Convergent evolution and the limits of natural selection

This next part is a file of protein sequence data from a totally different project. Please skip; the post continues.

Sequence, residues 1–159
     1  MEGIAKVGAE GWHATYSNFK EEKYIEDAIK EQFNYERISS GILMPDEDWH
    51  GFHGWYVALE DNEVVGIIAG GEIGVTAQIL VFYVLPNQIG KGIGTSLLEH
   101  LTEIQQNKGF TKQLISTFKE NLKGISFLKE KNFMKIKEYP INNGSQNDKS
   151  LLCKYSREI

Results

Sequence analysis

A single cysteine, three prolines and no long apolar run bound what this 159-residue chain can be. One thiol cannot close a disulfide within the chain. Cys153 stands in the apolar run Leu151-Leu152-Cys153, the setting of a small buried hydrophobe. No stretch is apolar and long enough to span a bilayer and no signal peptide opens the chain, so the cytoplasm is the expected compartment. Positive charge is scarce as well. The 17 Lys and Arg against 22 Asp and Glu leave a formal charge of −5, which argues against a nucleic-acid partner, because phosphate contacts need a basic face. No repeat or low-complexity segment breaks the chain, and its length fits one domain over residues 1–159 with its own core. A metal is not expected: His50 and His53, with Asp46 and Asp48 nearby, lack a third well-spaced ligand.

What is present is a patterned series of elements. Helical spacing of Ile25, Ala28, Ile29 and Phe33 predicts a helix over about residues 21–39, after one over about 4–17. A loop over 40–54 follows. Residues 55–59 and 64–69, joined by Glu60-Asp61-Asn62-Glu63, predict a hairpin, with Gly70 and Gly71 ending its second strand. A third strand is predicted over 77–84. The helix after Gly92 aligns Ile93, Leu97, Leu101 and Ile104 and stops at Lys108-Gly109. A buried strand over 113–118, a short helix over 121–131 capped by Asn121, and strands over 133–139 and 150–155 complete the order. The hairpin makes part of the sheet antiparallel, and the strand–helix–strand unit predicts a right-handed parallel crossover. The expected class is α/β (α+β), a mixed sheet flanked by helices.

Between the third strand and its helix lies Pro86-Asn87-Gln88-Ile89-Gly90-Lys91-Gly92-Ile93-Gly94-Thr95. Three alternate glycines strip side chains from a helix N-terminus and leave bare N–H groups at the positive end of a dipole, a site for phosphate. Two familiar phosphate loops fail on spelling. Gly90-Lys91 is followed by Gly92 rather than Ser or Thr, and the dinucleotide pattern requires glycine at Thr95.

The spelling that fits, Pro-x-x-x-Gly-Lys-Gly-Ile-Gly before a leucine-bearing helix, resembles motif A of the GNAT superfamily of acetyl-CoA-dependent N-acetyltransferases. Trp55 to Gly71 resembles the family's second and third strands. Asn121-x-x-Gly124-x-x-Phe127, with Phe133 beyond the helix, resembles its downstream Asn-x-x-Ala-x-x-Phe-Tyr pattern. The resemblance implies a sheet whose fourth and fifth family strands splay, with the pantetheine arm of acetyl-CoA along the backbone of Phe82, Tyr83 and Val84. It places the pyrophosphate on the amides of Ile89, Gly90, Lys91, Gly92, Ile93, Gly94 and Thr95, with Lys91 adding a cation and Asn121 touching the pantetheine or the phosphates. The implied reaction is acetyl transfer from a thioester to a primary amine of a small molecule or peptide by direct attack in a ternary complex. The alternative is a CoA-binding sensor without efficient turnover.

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Stephen Jay Gould argued that replaying the “tape of life” would result in a radically different evolutionary outcome. Some biologists and philosophers, however, have pointed to convergent evolution as evidence for robust replicability in macroevolution. These authors interpret homoplasy, or the independent origination of similar biological forms, as evidence for the power of natural selection to guide form toward certain morphological attractors, notwithstanding the diversionary tendencies of drift and the constraints of phylogenetic inertia. In this paper, I consider the implications of homoplasy for the debate over the nature of macroevolution. I argue that once the concepts of contingency and convergence are fleshed out, it becomes clear that many instances of homoplasy fail to negate Gould’s overarching thesis, and may in fact support a Gouldian view of life. My argument rests on the distinction between parallelism and convergence, which I defend against a recent challenge from developmental biology. I conclude that despite the difficulties in defining and identifying parallelism, the concept remains useful and relevant to the contingency controversy insofar as it underscores the common developmental origins of iterated evolution.